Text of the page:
Harvard endowment cuts jobs, outsources hedge fund management

Steven Spielberg gives Harvard commencement speech
Steven Spielberg gives Harvard commencement speech

Harvard University is overhauling the way it manages its $35 billion-plus endowment -- including cutting more than 100 money managers from its payroll.

Harvard Management Company -- which oversees the world's largest university endowment -- said its cutting about 50% of its staff, which currently includes about 230 people.

Most of the cuts will be positions that managed internal hedge funds. Those teams will be cut by the end of Harvard's 2017 fiscal year, the company said Wednesday.

Harvard Management Company CEO NP Narvekar, who assumed his role in September, attributed the mix-up to difficulty keeping and attracting top investment talent -- leading to a decision to outsource some of its money management teams.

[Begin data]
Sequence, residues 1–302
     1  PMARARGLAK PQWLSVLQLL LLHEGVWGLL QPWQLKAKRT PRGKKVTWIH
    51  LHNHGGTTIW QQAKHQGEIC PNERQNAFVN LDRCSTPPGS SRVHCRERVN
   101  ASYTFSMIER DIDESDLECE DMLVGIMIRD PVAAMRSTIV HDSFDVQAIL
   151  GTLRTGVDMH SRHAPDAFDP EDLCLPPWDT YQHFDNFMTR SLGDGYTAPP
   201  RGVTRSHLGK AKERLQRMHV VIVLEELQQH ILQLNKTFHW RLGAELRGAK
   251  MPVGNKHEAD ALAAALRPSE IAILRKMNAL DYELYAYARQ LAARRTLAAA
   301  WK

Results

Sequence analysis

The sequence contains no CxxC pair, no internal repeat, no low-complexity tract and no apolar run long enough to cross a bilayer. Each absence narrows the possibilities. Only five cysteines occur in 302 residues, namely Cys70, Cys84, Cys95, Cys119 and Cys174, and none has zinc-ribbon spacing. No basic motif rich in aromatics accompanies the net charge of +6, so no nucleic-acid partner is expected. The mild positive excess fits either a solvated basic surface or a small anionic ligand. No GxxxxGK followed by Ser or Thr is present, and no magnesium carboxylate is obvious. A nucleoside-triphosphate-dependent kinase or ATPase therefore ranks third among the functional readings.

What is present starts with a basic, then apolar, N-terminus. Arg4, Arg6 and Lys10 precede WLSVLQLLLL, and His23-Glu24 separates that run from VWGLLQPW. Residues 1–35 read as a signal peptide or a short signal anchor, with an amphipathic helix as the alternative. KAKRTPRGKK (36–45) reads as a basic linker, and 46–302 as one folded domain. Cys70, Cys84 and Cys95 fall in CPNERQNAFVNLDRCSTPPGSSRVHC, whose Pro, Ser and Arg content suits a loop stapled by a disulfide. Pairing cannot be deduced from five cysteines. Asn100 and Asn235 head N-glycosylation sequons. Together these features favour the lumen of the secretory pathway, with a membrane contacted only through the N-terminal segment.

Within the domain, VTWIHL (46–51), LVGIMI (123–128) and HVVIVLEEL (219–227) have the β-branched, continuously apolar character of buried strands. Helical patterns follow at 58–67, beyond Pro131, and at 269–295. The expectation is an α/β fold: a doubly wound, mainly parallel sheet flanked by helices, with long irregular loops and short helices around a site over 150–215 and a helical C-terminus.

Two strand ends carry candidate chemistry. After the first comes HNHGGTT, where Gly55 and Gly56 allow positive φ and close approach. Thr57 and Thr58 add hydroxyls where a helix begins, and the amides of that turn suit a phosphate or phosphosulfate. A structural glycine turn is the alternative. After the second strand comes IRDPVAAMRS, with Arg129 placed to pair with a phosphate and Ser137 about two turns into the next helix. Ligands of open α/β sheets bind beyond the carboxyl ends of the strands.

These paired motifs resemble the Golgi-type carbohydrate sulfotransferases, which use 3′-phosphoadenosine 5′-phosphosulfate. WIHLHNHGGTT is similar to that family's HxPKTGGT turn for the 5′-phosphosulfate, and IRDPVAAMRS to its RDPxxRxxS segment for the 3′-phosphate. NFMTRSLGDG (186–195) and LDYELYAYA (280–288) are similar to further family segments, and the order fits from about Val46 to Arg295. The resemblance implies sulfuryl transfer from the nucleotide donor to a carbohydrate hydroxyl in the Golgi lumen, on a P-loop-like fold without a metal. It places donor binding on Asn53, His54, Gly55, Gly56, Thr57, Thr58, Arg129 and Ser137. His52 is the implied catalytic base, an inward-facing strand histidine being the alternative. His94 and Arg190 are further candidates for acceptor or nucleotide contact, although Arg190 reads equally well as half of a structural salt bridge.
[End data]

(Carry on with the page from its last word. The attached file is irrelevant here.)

"The tremendous flow of capital to external managers has created a great deal of competition for both talent and ideas, therefore making it more difficult to attract and retain the necessary investment expertise," Narvekar said Wednesday in a letter to employees that was obtained by CNNMoney.

Related: Why colleges with billions of dollars still charge tuition

"HMC has created significant value for Harvard University over the past four decades, but we now face challenges to our continued success," the letter reads.

Harvard's endowment shed value in 2016. The fund contained more than $37 billion by the end of 2015, and as of July 2016, the total was down to $35.7 billion in funds, according to Harvard Management Company report released in September. That same September report revealed that the endowment's investments in natural resources and stocks lost 10.2% each.

One portion of the endowment's portfolio that's performed consistently well is its investments in real estate, Narvekar said Wednesday. He said it's been a "key driver of returns." Those investments, as well as its natural resource investments, will remain internally managed.

Related: Average college degree pays off by age 34

Harvard Management Company also announced Wednesday that it's hired a new chief investment officer, Rick Slocum, and brought on three new managing directors onto its investment team.

Social Surge - What's Trending

Mortgage & Savings


CNNMoney Sponsors